United States District Court for the District of Utah
The United States District Court for the District of Utah (in case citations, D. Utah) is the Federal district court whose jurisdiction is the state of Utah. The court is based in Salt Lake City with another courtroom in Ogden.
|United States District Court for the District of Utah|
|Location||United States Courthouse|
|Appeals to||Tenth Circuit|
|Established||July 16, 1894|
|Chief Judge||David Nuffer|
|Officers of the court|
|U.S. Attorney||John W. Huber|
|U.S. Marshal||Matthew D. Harris|
Appeals from the District of Utah are taken to the United States Court of Appeals for the Tenth Circuit (except for patent claims and claims against the U.S. government under the Tucker Act, which are appealed to the Federal Circuit).
The United States Attorney's Office for the District of Utah represents the United States in civil and criminal litigation in the court. The current US Attorney is John W. Huber, serving since June 2015.
According to 28 U.S.C. § 133(a), the District of Utah is allowed five active district judges. These include: Chief Judge David Nuffer, Judge Clark Waddoups, who was confirmed on September 26, 2008, Judge Robert J. Shelby who was confirmed on September 22, 2012, and Judge Jill Parrish who was confirmed on May 21, 2015.
Federal judicial districts are also allowed to utilize "Senior" Judges in addition to the limit set forth in 28 U.S.C. § 133(a). Currently the active Senior Judges within the District of Utah include: Bruce S. Jenkins, David Sam, Dale A. Kimball, who assumed senior status on November 30, 2009, and Tena Campbell, who assumed senior status on January 1, 2011, Dee Benson, who assumed senior status on January 1, 2014 and Ted Stewart who assumed senior status on September 1, 2014.
|#||Title||Judge||Duty station||Born||Term of service||Appointed by|
|16||Chief Judge||David Nuffer||Salt Lake City||1952||2012–present||2014–present||—||Obama|
|15||District Judge||Clark Waddoups||Salt Lake City||1946||2008–present||—||—||G.W. Bush|
|17||District Judge||Robert J. Shelby||Salt Lake City||1970||2012–present||—||—||Obama|
|18||District Judge||Jill Parrish||Salt Lake City||1961||2015–present||—||—||Obama|
|6||Senior Judge||Bruce Sterling Jenkins||Salt Lake City||1927||1978–1994||1984–1993||1994–present||Carter|
|9||Senior Judge||David Sam||Salt Lake City||1933||1985–1999||1997–1999||1999–present||Reagan|
|10||Senior Judge||Dee Benson||Salt Lake City||1948||1991–2014||1999–2006||2014–present||G.H.W. Bush|
|11||Senior Judge||Tena Campbell||Salt Lake City||1944||1995–2011||2006–2011||2011–present||Clinton|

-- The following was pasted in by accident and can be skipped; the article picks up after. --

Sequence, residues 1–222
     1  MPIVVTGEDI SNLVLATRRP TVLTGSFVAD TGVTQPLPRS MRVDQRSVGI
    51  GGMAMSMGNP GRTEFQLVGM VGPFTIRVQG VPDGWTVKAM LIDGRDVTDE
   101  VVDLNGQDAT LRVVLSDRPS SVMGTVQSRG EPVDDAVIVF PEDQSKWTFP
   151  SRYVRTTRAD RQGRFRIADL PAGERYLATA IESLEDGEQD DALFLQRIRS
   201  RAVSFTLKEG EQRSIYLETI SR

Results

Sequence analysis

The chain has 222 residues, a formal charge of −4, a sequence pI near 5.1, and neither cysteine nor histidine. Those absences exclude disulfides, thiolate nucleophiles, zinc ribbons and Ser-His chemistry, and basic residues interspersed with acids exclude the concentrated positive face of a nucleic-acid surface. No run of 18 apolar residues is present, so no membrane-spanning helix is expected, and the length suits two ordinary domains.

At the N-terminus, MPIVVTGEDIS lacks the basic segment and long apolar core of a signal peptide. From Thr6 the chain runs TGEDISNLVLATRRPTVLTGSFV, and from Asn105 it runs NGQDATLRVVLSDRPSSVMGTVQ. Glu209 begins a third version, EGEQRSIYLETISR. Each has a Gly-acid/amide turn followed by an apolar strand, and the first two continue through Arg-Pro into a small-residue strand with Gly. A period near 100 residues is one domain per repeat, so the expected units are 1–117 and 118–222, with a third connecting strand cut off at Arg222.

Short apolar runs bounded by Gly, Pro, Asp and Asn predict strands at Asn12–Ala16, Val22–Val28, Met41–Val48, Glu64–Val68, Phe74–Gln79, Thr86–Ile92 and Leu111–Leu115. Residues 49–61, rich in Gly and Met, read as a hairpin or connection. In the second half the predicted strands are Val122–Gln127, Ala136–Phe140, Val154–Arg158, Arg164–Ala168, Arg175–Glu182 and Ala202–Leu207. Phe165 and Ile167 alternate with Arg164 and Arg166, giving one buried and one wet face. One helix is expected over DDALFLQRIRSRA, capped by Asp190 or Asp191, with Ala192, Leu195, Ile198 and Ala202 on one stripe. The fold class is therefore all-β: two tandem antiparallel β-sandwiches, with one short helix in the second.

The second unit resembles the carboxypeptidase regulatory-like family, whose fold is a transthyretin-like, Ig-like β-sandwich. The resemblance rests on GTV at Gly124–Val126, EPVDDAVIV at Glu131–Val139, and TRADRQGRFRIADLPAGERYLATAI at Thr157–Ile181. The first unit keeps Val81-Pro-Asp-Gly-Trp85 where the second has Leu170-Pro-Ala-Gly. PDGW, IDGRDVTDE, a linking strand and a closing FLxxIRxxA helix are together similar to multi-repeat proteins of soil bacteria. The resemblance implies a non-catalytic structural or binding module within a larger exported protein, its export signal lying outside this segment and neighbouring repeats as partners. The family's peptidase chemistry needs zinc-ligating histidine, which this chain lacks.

|12||Senior Judge||Dale A. Kimball||Salt Lake City||1939||1997–2009||—||2009–present||Clinton|
|13||Senior Judge||Ted Stewart||Salt Lake City||1948||1999–2014||2011–2014||2014–present||Clinton|
Vacancies and pending nominationsEdit
|Seat||Seat last held by||Vacancy reason||Date of vacancy||Nominee||Date of nomination|
|4||Ted Stewart||Senior Status||September 1, 2014||Howard C. Nielson Jr.||September 28, 2017|
|#||Judge||State||Born–died||Active service||Chief Judge||Senior status||Appointed by||Reason for|
|1||John Augustine Marshall||UT||1854–1941||1896–1915||—||—||Cleveland||resignation|
|2||Tillman Davis Johnson||UT||1858–1953||1915–1949||—||1949–1953||Wilson||death|
|3||Willis William Ritter||UT||1899–1978||1949–1978||1954–1978||—||Truman||death|
|4||Albert Sherman Christensen||UT||1905–1996||1954–1971||—||1971–1996||Eisenhower||death|
|5||Aldon Junior Anderson||UT||1917–1996||1971–1984||1978–1984||1984–1996||Nixon||death|
|7||David Keith Winder||UT||1932–2009||1979–1997||1993–1997||1997–2009||Carter||death|
|8||John Thomas Greene Jr.||UT||1929–2011||1985–1997||—||1997–2011||Reagan||death|
|14||Paul G. Cassell||UT||1959–present||2002–2007||—||—||G.W. Bush||resignation|
Chief judges have administrative responsibilities with respect to their district court. Unlike the Supreme Court, where one justice is specifically nominated to be chief, the office of chief judge rotates among the district court judges. To be chief, a judge must have been in active service on the court for at least one year, be under the age of 65, and have not previously served as chief judge. A vacancy is filled by the judge highest in seniority among the group of qualified judges. The chief judge serves for a term of seven years or until age 70, whichever occurs first. The age restrictions are waived if no members of the court would otherwise be qualified for the position.
When the office was created in 1948, the chief judge was the longest-serving judge who had not elected to retire on what has since 1958 been known as senior status or declined to serve as chief judge. After August 6, 1959, judges could not become or remain chief after turning 70 years old. The current rules have been in operation since October 1, 1982.
Succession of seatsEdit
- "U.S. Attorneys: District of Utah". United States Department of Justice. Retrieved June 18, 2015.
- Senate confirms new judge for Utah, Deseret News, 9/27/2008
- "Biographical Directory of Federal Judges: Robert James Shelby".
- Biographical Directory of Judges: Jill N. Parrish
- Recess appointment; formally nominated on January 7, 1916, confirmed by the United States Senate on January 18, 1916, and received commission on January 18, 1916.
- Recess appointment; formally nominated on January 5, 1950, confirmed by the United States Senate on June 29, 1950, and received commission on July 7, 1950.